Getting started: Step 4 - The why
So, your business is running, and your customer support team is handling incoming inquiries. Suddenly, the amount of customer inquiries increases. How do you find out what caused this? Do you feel that most of the questions are relating to a particular topic? Even if this is the case, to efficiently run support you need facts to drive future directions.
In order to know why your customers are reaching your support, this must be tracked somehow. Tagging, labeling or categorizing tickets is not simply an additional field for your support team to fill in. They’re a key mechanism to help you get a better grasp on what is happening in your support.
Why are customers contacting you?
By creating knowledge base articles for customers about the most common and recurring questions, this can reduce the amount of incoming inquiries. You might also be able to identify UX issues in your product. Fixing those can also reduce the amount of incoming contacts.
Additionally, you can share the statistics with the development/engineering team to showcase how many issues a certain bug or a lack of feature causes, to help with prioritization of work.
By showing them how often your support team needs to perform a specific manual task, it might be valuable to find a way to automate that task.
Be curious! You want to know why your customers are contacting you and you should not trust feeling-based estimations, but raw facts and numbers. Remember, you want to eliminate incoming simple requests and save your support team’s time for complex inquiries.
How to categorize inquiries?
Some ticketing systems provide ticket type categorization out-of-the-box. They do offer a possibility to choose: service request, bug or incident. These categories are generally good.
Depending on your product or service, you might want to add a “how to” option. This way, you can easily filter out tickets where a client did not know how to do something. These tickets are low hanging fruits to either establish or extend your external facing knowledge base OR improve your software’s UI.
● Service request – do something that the customer can’t do themselves
● Bug – a feature does not work as expected. Usually happens after a release.
● Incident – a feature is broken / platform is down
● How to – a customer is asking for advice about how to do something
● Feature request – a customer is suggesting an improvement to your product
These main categories or ticket types do not yet tell much. You want to know more! The next step is to support categorization based on themes - the topics which incoming queries are about.
The easiest way to get started is to create list of your product’s features. If your tools support cascading lists, a list can be divided to smaller lists to help the support team to the most specific, relevant option.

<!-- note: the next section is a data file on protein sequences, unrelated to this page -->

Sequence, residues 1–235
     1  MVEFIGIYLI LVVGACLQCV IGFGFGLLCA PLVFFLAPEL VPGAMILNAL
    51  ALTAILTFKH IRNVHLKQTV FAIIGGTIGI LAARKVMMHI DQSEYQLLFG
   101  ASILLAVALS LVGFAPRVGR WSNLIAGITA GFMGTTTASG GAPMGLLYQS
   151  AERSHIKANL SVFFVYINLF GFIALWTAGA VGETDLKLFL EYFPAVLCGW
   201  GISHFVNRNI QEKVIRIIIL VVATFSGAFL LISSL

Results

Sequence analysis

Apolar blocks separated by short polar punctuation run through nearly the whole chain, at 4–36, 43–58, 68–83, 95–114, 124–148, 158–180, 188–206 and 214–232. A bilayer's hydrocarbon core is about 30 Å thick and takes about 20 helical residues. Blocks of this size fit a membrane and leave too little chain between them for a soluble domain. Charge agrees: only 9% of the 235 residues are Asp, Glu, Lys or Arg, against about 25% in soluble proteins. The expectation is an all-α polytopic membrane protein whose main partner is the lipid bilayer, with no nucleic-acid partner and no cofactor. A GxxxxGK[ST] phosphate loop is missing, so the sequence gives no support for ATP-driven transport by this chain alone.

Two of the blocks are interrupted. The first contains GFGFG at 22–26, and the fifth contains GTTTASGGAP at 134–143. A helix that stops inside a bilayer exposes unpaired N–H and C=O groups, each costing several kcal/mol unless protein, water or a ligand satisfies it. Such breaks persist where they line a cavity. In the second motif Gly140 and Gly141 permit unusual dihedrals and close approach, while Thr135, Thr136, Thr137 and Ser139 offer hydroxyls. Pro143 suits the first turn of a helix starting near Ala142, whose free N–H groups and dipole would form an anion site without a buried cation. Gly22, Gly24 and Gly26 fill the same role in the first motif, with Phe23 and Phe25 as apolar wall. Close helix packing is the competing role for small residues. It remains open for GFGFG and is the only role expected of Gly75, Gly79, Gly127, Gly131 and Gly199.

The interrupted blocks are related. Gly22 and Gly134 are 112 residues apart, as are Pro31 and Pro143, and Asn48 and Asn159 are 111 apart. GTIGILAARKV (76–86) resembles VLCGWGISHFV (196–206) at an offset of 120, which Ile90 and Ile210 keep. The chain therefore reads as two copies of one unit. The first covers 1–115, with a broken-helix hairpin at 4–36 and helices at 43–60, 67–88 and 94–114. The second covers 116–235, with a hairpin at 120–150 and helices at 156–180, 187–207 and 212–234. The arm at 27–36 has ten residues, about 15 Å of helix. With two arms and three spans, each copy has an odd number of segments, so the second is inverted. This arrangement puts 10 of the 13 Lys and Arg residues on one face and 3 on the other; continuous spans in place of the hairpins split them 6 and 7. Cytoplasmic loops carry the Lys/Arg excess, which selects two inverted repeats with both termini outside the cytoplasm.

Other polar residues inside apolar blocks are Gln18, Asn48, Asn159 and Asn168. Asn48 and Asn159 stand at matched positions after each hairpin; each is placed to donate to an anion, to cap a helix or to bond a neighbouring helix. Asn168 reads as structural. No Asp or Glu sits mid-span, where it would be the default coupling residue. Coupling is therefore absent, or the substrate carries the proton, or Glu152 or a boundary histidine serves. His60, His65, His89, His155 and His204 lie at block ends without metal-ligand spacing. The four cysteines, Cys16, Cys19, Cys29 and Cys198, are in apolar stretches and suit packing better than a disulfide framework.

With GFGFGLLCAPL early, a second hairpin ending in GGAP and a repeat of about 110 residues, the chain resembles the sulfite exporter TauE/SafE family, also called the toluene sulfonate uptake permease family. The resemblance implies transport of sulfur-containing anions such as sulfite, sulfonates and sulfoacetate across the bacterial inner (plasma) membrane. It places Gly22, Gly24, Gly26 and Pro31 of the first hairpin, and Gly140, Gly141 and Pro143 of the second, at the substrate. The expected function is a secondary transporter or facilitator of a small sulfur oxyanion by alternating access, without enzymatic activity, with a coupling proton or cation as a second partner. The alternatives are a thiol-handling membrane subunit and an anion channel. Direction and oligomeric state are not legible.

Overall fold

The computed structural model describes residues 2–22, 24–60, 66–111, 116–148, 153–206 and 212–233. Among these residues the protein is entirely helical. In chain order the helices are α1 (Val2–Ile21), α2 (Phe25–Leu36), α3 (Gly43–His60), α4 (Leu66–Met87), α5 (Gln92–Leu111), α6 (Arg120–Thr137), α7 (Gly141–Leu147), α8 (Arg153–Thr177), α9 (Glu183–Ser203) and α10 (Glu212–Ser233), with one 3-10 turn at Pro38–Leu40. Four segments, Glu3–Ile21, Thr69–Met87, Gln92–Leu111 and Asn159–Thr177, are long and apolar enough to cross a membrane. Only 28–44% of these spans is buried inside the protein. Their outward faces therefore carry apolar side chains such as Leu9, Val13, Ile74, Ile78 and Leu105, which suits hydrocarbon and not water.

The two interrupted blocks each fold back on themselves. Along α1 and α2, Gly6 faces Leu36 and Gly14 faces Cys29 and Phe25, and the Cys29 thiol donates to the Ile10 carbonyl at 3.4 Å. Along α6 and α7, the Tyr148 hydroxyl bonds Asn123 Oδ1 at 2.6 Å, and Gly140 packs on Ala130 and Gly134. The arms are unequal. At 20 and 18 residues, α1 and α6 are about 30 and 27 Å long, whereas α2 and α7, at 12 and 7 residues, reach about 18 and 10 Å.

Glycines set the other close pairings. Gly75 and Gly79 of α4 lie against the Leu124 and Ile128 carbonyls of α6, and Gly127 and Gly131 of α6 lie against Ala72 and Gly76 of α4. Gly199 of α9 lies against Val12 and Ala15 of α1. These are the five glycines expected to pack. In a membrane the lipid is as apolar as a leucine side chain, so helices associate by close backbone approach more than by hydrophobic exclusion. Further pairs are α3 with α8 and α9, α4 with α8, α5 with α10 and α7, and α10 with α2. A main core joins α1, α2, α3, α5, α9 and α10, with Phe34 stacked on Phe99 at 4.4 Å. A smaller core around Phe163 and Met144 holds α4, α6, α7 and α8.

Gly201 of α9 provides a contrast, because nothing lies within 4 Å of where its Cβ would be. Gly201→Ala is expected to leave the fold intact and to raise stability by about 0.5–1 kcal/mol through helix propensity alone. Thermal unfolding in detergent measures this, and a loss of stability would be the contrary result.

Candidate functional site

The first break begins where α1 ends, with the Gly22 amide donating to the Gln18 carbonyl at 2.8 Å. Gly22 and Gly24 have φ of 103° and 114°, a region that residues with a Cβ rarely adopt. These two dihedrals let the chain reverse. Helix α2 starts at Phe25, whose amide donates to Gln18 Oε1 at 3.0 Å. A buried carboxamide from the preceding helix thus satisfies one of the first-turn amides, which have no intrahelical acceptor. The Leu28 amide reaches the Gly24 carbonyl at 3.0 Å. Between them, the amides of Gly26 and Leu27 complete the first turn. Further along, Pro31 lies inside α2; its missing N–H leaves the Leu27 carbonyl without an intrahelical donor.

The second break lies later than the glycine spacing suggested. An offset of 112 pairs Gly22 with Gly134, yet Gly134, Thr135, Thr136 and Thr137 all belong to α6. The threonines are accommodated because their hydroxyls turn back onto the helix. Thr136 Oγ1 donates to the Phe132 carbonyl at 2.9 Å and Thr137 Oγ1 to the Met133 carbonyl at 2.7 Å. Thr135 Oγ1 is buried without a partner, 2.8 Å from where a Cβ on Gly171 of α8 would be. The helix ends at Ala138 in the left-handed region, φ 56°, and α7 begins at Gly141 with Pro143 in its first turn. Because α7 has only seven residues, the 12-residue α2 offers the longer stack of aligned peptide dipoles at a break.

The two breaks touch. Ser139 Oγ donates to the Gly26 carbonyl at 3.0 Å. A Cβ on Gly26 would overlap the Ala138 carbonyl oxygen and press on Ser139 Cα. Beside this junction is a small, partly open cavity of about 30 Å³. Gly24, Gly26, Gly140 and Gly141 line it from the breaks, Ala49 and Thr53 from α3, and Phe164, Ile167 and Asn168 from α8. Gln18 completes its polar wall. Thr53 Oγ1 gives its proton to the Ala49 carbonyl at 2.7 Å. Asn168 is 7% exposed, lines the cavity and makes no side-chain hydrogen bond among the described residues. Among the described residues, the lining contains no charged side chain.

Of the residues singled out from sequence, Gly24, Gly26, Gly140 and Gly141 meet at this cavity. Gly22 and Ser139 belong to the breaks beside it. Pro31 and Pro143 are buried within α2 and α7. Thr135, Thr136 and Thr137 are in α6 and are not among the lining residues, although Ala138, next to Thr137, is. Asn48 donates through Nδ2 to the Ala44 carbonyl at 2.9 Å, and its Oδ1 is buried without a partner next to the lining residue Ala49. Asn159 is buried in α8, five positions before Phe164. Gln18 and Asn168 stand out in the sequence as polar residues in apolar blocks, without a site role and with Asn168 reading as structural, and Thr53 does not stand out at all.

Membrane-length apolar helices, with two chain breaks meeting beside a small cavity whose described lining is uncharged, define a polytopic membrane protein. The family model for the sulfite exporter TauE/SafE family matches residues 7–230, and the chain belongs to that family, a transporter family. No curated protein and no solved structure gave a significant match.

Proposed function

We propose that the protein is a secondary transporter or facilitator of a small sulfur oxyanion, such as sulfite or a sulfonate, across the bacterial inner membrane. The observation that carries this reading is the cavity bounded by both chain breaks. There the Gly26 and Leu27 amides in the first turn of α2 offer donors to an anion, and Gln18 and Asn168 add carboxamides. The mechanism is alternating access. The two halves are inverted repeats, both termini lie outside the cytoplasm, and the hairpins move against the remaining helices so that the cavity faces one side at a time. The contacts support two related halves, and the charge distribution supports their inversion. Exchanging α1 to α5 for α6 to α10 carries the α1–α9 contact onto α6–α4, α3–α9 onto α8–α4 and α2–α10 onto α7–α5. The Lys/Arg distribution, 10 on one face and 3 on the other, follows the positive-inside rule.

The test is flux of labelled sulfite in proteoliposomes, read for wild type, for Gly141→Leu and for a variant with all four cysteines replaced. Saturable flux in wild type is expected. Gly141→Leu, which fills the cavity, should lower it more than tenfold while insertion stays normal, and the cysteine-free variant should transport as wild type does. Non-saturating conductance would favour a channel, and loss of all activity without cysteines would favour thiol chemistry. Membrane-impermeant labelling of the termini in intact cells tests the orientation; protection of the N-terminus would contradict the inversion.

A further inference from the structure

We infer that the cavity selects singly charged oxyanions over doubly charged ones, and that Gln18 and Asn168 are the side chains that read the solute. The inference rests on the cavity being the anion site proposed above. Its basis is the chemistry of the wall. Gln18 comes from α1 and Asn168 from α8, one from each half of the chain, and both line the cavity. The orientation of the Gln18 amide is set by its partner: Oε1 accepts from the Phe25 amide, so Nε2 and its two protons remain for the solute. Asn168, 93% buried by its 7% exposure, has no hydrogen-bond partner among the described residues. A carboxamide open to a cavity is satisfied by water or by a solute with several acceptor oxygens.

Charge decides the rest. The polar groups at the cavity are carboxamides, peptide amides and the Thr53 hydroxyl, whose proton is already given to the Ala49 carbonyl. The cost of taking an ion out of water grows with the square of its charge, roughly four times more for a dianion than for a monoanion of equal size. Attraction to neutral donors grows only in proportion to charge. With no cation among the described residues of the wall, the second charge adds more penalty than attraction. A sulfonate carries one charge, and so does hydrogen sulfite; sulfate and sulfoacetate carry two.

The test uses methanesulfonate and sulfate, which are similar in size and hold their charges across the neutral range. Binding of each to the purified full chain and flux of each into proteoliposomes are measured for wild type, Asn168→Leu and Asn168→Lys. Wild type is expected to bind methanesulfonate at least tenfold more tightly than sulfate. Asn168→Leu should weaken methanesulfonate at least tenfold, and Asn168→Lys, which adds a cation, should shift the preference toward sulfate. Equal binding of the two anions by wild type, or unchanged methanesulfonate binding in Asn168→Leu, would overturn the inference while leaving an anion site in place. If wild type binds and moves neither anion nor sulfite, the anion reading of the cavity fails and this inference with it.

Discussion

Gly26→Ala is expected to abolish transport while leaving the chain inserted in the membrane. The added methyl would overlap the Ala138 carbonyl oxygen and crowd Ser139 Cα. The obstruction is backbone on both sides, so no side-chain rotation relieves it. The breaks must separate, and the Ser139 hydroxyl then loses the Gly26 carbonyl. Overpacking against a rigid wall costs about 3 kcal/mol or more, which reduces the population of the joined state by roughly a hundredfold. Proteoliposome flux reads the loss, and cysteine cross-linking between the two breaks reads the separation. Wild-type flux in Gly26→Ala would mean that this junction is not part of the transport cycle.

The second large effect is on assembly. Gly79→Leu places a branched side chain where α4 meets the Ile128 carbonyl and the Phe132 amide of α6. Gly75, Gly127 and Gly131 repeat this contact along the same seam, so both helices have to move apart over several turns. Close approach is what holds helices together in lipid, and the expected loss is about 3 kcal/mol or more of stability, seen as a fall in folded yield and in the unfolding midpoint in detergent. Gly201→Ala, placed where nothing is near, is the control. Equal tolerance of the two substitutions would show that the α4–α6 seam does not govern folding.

For example, let’s say that your product has the following features: Invoicing module, Sales Module, Contract module. Your system is also connected to some third party providers via an API, e.g. to Facebook.
You want to create a main lists for these and then add additional details under each to drill down to the specific topics for the queries. E.g.
● Invoicing module
Change billing address
Extend due date
● Sales module
● Contract module
By using this method, you can collect considerably more information about what is really happening in your support.
A ticket is categorized as a Bug - Contract module - Templates. If you see a lot of requests coming in relating to this, it is time to have a serious talk with Product / Developers about the matter. Or, if there is a known bug in this template functionality, categorization helps you to see how many customers are really affected and suffering because of this bug.
A ticket is categorized as Service request (or How-to) - Invoicing - Change invoice address - If you receive a lot of inquiries about this, it can mean that:
● users are not finding a way to do this on their own (either there’s an issue in the client facing knowledge base or in the UI)
● it is not possible for customers to do that themselves - if there’s an increasing amount of requests for such a simple task, you could talk with the Product in order to add the functionality to the UI.
Another option, depending on your ticketing system, is to opt for automatic categorization based on the keywords in the incoming query. The field should be mandatory to fill in and tickets categorized as “other” should be analyzed within your weekly reporting to see if there is a reason to create more sub-categories or even new categories.
Also, make sure that the field (tag, label) is available to use in reporting. Ensure that it is not possible for your team to create their own labels and tags on a totally adhoc basis; otherwise reporting will become difficult as the same topic might have several different tags or labels.
Starting to categorize tickets from the start is much easier than adding them later. It is also a beneficial practice that will give you valuable insights into your support and your customers’ needs.